This heartbreaking and hard to put down book is an eye-opening look into the affordable housing crisis affecting so many lives today. I particularly enjoyed the author’s ability to tell the stories of his subjects without making himself a character. He acknowledges that there is no simple solution to the lack of affordable housing, but does offer an afterward with some solutions, including expanding the voucher system. Highly recommended.

d
DavidSpencer99
Feb 23, 2019

I found this book both enlightening and frustrating. Blending respectable authorial skills with awesome first-hand observation data, Desmond exposes the raw and painful lives of Milwaukee residents who can barely afford their rent. These people need help but don’t get it from family, friends, or social services. Every failure sets them up for the next one. The detailed analysis moved me like a well-developed novel does. So, I was more than a little frustrated by the conclusion he draws from it: that a universal voucher system is the cure-all. That money would be better spent reforming the system, making it possible for social workers to coach renters on their lifestyle/habits and getting better rules for the landlords to adopt on pain of prosecution.

j
jmreid1220
Dec 29, 2018

On Barack Obama's Top Books of 2017

elijahschenk Dec 20, 2018

The hardest part about reading Evicted was coming to the realization that, more often than not, both sides, tenants and landlords, are only doing what is best for themselves financially, socially, or emotionally. In each of the followed characters’ story arcs, there is solid logic behind most of their actions, even if the action (i.e. an eviction of a family with children) seems so heartless with all the visibility and drama that accompanies it, or seems unwise (i.e. buying up lobster with the whole month’s allotment of food stamps). I think Desmond’s focus on the logic behind every person’s decisions prompts the reader to question the overarching systems keeping things difficult and unequal for people seeking safe, affordable housing. I like how he frames a safe place to live as a right rather than a privilege or something to be earned. The overarching problems hurting families and communities include racism, lack of built housing in many locations, generational cycles of poverty, and our government’s decision not to offer universal housing vouchers to all who would qualify for them. Evicted makes it clear that these sorts of issues are the ones we need to tackle in America, before blaming individual landlords for just thinking about their bottom line, or blaming tenants for an apparent lack of personal responsibility. I appreciate how Desmond offers tangible solutions in his epilogue, instead of leaving off in a totally depressing way; I always like when books are able to do that.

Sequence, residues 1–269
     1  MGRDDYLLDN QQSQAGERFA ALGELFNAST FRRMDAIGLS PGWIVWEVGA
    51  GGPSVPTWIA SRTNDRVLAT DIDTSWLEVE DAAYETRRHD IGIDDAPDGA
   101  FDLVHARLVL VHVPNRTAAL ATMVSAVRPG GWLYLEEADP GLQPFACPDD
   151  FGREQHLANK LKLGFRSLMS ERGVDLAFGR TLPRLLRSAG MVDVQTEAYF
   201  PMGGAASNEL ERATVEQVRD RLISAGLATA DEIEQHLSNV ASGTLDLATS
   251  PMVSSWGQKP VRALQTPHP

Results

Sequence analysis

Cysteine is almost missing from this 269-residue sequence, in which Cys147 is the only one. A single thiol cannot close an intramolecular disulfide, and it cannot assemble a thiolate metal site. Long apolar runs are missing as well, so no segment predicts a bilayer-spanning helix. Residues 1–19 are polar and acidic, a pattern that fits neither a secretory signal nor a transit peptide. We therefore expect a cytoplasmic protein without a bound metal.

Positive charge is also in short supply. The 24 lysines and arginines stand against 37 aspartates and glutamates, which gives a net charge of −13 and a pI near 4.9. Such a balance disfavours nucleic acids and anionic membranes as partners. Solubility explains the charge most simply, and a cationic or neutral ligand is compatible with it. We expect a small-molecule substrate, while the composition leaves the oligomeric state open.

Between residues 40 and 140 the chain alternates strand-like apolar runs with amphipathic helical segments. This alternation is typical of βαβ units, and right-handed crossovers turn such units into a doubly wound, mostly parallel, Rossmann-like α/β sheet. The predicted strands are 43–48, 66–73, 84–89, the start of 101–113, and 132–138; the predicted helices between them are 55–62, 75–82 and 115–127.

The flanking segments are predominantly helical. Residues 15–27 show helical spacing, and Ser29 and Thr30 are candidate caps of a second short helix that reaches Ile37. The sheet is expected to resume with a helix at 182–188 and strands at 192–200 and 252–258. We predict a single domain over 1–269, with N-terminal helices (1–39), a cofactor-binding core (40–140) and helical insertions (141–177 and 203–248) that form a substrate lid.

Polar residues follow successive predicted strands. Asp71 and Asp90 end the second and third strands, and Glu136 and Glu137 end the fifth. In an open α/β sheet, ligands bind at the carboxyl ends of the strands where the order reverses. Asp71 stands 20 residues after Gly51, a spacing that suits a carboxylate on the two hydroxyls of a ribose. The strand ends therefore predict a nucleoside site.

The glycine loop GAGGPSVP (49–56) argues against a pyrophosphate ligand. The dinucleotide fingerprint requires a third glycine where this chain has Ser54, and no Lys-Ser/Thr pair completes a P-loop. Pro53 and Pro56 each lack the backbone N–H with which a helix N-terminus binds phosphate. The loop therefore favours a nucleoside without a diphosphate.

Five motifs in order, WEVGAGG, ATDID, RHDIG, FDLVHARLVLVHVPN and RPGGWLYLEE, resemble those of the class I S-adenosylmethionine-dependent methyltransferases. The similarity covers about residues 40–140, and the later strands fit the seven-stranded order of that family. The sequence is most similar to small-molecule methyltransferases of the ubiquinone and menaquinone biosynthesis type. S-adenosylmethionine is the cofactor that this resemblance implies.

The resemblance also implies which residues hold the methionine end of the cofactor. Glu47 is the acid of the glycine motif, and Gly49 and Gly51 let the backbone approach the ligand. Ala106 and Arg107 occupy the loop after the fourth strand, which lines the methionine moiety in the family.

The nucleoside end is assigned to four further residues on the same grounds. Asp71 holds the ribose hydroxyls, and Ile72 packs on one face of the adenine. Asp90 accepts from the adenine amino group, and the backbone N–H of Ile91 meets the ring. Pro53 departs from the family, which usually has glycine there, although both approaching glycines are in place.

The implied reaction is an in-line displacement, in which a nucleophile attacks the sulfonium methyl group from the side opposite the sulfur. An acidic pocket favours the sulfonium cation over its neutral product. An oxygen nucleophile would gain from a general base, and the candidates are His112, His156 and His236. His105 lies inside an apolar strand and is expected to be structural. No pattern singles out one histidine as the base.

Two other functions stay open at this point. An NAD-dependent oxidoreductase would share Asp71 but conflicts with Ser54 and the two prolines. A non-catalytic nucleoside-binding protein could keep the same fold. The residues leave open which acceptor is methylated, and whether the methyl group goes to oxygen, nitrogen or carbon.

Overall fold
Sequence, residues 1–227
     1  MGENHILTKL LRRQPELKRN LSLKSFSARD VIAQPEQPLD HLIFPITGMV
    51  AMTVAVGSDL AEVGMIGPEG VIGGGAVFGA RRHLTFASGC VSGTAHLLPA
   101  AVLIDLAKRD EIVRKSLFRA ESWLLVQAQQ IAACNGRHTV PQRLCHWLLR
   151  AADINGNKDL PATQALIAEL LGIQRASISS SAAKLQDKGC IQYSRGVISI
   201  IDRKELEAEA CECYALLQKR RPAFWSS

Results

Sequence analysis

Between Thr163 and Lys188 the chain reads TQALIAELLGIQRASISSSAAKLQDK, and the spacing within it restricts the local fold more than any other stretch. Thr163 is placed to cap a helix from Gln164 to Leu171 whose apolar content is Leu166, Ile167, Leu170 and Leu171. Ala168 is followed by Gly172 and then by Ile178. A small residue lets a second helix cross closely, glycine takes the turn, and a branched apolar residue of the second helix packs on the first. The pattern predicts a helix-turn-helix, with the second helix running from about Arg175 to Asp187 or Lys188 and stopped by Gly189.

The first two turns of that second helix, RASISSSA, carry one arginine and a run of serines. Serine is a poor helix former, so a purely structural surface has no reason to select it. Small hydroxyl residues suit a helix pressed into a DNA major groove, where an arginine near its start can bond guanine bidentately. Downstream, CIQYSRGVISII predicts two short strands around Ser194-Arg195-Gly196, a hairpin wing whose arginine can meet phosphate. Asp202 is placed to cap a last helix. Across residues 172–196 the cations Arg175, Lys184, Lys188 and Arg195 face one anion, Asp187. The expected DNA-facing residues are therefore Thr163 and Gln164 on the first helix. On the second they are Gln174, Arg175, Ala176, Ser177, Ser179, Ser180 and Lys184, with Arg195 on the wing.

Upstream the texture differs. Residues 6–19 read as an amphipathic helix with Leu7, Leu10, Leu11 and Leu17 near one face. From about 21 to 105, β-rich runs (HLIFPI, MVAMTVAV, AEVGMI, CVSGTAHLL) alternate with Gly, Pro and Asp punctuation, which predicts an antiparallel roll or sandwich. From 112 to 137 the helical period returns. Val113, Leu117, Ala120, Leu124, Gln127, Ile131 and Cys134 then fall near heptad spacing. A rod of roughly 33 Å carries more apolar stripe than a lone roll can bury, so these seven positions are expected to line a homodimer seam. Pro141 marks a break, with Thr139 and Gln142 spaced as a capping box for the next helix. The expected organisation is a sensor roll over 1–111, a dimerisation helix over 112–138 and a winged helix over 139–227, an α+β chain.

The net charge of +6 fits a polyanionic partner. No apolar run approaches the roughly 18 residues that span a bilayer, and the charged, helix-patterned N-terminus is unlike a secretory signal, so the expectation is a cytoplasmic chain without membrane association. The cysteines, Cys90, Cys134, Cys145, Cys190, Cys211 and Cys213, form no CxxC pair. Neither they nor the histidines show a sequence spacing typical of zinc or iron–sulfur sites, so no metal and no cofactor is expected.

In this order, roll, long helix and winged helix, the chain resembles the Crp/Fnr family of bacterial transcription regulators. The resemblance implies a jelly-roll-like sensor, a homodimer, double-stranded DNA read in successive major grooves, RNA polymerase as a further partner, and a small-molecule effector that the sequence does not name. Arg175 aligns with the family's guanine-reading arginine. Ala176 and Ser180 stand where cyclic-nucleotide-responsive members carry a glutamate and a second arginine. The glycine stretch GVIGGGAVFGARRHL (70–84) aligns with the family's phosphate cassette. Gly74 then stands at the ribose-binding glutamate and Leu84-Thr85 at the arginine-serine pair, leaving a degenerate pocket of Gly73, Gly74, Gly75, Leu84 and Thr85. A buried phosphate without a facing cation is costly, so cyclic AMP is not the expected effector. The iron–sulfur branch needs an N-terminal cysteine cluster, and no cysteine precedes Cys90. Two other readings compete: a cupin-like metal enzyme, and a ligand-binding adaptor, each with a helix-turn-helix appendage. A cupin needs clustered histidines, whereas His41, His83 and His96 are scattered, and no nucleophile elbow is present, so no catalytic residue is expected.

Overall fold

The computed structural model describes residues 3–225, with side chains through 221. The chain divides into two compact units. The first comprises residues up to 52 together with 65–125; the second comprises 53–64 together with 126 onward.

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wiildsage
Aug 05, 2019

wiildsage thinks this title is suitable for 12 years and over

lvccld_judi Jul 24, 2018

lvccld_judi thinks this title is suitable for 16 years and over

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shayshortt
Apr 20, 2017

If incarceration had come to define the lives of men from impoverished black neighborhoods, eviction was shaping the lives of women. Poor black men were locked up. Poor black women were locked out.

s
shayshortt
Apr 20, 2017

There are two freedoms at odds with each other: the freedom to profit from rents and the freedom to live in a safe and affordable home.

Summary

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shayshortt
Apr 20, 2017

Between 2007 and 2009, the American housing market was shaken by the subprime mortgage crisis, in which banks foreclosed on millions of homeowners who could not keep up with their rapidly inflating mortgage payments. But another group of people is deeply affected by the trauma of displacement on a more regular basis: the renting poor. Many of these families are spending between fifty and seventy percent of their monthly income on housing, and even a small crisis can easily cause them to fall behind on the rent, making them subject to eviction. Sociologist Matthew Desmond takes the reader into two of Milwaukee’s poorest neighbourhoods, one predominantly white, the other mostly black, and spends eighteen months examining what happens when landlords evict those who have fallen behind on the rent.